First-Ever Comet Landing Next Week to Be Truly Epic, Scientists Say

Comet 67P/Churyumov-Gerasimenko on Nov. 2, 2014
Comet 67P/Churyumov-Gerasimenko as seen from the Rosetta probe on Nov. 2, 2014. (Image credit: ESA/Rosetta/NAVCAM – CC BY-SA IGO 3.0)

European scientists and engineers are gearing up to soft-land a robotic probe on the mysterious surface of a comet for the first time.

The European Space Agency's Rosetta spacecraft is just days away from releasing its Philae lander down to the surface of Comet 67P/Churyumov-Gerasimenko, and scientists working with the mission can feel the anticipation building for the Nov. 12 landing.

"We're all excited about this," Rosetta project scientist Matt Taylor said during an ESA Google+ webcast today (Nov. 7.). "You should be excited about this … My kids finally think their dad is cool because he works on Rosetta." [See images from Rosetta comet mission]

The two-part Rosetta spacecraft is designed to orbit and land on the Comet 67P/Churyumov-Gerasimenko in November 2014. See how the Rosetta spacecraft works in this infographic. (Image credit: by Karl Tate, Infographics Artist)

If successful, the Philae landing will be the first time humans have ever soft-landed a probe on a comet's surface. The small Philae lander — named for an obelisk found on an island in the Nile River in Egypt — is designed to study the surface of the comet. Meanwhile, the Rosetta probe will study Comet 67P/C-G from orbit.

It took 10 years for the probes to catch up with the comet, and landing on the "dirty snowball's" surface will be no easy task. A number of steps and specific commands must be executed in order to ensure that Rosetta doesn't crash into the comet and that Philae arrives at its landing site safely.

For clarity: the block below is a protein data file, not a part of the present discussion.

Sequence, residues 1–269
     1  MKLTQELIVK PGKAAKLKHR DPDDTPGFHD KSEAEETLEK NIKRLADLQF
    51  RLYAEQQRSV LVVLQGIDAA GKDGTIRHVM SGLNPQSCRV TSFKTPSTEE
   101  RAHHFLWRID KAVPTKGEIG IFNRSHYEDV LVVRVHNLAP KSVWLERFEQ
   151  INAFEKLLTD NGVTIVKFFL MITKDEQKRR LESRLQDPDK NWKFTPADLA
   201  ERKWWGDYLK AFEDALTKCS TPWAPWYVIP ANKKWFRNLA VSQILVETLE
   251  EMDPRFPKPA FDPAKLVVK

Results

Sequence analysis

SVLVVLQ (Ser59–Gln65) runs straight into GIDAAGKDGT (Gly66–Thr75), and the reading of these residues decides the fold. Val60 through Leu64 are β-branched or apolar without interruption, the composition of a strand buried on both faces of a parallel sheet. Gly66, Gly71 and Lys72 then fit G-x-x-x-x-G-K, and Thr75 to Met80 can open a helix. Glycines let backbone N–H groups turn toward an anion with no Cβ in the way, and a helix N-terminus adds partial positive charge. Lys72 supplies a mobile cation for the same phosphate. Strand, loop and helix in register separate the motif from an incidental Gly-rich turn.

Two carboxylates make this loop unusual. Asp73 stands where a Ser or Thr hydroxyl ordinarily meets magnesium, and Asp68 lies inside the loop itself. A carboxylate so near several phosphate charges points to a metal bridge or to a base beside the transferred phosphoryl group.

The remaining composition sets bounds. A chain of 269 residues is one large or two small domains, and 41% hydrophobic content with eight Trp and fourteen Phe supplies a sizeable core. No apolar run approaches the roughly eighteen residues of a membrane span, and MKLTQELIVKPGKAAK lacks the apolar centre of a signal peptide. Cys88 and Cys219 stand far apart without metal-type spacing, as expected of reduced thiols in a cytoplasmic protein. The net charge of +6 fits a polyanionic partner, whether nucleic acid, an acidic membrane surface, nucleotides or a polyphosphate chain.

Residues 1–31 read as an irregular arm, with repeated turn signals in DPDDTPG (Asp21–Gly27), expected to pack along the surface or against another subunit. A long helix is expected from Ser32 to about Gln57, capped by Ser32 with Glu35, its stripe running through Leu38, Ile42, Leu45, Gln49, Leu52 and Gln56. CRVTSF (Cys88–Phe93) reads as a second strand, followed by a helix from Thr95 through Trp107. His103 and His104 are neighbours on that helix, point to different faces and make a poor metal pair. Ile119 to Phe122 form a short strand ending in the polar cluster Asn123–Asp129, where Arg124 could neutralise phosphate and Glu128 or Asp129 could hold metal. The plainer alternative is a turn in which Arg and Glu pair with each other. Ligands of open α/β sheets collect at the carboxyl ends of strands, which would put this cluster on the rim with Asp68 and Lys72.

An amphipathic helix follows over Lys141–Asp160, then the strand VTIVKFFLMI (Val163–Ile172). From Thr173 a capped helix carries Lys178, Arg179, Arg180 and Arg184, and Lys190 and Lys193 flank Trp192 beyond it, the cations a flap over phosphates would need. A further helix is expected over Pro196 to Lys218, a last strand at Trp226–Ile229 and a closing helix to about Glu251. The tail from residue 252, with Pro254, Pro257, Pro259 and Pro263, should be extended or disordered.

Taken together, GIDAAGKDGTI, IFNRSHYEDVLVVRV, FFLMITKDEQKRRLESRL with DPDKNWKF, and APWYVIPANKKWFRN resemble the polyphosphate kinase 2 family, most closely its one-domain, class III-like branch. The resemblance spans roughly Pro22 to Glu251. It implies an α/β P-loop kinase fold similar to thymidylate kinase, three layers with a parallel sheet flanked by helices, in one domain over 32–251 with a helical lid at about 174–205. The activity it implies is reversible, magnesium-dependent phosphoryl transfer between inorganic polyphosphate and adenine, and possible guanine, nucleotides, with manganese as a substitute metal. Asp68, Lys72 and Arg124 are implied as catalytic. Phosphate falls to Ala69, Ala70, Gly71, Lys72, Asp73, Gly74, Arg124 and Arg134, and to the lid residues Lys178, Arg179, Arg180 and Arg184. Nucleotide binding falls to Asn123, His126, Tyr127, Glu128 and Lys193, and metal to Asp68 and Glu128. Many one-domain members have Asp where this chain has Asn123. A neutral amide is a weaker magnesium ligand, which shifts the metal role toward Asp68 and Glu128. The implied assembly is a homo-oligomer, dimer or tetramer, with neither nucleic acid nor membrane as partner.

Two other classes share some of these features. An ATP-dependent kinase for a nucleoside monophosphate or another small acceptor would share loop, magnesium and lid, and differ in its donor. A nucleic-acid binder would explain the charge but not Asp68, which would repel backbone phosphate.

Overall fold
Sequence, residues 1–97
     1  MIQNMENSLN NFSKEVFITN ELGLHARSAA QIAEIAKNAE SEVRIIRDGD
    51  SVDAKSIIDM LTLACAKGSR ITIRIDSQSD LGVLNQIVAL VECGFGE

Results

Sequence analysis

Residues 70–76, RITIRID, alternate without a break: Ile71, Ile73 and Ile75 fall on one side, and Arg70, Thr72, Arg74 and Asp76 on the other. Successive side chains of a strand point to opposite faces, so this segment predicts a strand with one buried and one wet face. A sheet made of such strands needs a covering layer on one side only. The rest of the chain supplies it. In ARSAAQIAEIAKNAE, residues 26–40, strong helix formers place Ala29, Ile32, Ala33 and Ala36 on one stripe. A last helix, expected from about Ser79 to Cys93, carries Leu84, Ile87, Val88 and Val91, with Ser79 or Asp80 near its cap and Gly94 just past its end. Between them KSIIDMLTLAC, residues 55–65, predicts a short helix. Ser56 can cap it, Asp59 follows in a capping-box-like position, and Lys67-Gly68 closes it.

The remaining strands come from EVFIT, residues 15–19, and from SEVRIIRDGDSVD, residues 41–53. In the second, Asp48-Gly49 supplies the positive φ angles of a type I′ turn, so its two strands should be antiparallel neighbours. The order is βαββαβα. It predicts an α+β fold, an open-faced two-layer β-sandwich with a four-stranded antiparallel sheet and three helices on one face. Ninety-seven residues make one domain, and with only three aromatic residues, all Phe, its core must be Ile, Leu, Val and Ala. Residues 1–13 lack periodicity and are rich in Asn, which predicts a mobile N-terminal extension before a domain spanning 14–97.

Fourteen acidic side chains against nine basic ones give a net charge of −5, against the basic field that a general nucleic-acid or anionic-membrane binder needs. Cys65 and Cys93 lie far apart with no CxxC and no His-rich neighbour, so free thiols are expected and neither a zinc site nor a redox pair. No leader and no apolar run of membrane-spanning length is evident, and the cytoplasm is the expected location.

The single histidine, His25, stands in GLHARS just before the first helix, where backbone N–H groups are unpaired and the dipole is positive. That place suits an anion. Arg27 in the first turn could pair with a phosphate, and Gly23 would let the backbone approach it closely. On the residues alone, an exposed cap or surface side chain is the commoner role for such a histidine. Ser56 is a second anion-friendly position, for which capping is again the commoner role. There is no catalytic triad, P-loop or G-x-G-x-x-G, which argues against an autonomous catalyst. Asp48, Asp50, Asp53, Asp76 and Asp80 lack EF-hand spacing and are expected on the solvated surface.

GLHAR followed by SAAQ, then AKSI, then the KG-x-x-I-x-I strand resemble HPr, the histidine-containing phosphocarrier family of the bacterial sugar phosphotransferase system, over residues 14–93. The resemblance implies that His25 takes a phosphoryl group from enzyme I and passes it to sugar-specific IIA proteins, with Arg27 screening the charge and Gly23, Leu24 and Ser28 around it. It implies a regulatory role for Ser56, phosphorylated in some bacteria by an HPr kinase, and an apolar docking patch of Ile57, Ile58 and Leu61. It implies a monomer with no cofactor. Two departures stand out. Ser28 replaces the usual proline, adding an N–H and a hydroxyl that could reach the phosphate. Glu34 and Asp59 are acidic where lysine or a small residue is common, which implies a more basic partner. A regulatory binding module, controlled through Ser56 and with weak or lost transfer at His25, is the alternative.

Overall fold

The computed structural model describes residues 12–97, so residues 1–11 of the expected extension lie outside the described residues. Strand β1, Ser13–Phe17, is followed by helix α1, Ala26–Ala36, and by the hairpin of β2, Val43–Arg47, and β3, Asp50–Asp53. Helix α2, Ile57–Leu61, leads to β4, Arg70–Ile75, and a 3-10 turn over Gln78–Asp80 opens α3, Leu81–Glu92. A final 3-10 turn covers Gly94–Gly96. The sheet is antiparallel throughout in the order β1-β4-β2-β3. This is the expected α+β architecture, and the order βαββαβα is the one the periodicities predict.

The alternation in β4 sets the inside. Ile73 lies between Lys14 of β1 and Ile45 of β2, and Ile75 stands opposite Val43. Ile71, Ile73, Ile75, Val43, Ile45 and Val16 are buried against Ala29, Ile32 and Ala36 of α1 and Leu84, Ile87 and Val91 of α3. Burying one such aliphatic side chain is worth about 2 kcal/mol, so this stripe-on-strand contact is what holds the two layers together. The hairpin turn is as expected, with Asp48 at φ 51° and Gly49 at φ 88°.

Rosetta should release Philae when the two spacecraft are flying about 14 miles (22.5 kilometers) from the center of Comet 67P/C-G. European Space Agency officials will have to wait for 7 to 10 hours before finding out if the landing was successful.

"The surface of this comet is very, very rough," Andrea Accomazzo, ESA Rosetta flight director, said during the webcast. "It's not the ideal place to land on, but this is what we have, and this is what we're trying to do. We have to be a bit lucky, as well. If the lander hits the surface of the comet in the proximity of a boulder or something like this, then there's nothing we can do. We cannot actively steer the trajectory of the lander on descent. That's the part that worries me most."

That said, Accomazzo added, the teams on the ground feel fully prepared to accomplish the difficult task of landing Philae on the comet. Once Philae gets to the surface, the lander will deploy a harpoon into the comet, which should tether the probe to the dusty cosmic body.

Rosetta is expected to stay with Comet 67P/C-G as it makes its closest approach with the sun in August 2015. The two spacecraft will beam back scientific data to Earth that could help scientists understand more about comets and the early solar system (when the balls of ice and dust first formed), among other things. Instruments on Rosetta have already revealed that the comet smells a bit like rotten eggs.

Rosetta launched to space in 2004 on a 4-billion-mile (6.4 billion km) journey to the comet. The spacecraft arrived at Comet 67P/C-G in August.

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Miriam Kramer
Staff Writer

Miriam Kramer joined as a Staff Writer in December 2012. Since then, she has floated in weightlessness on a zero-gravity flight, felt the pull of 4-Gs in a trainer aircraft and watched rockets soar into space from Florida and Virginia. She also served as's lead space entertainment reporter, and enjoys all aspects of space news, astronomy and commercial spaceflight.  Miriam has also presented space stories during live interviews with Fox News and other TV and radio outlets. She originally hails from Knoxville, Tennessee where she and her family would take trips to dark spots on the outskirts of town to watch meteor showers every year. She loves to travel and one day hopes to see the northern lights in person. Miriam is currently a space reporter with Axios, writing the Axios Space newsletter. You can follow Miriam on Twitter.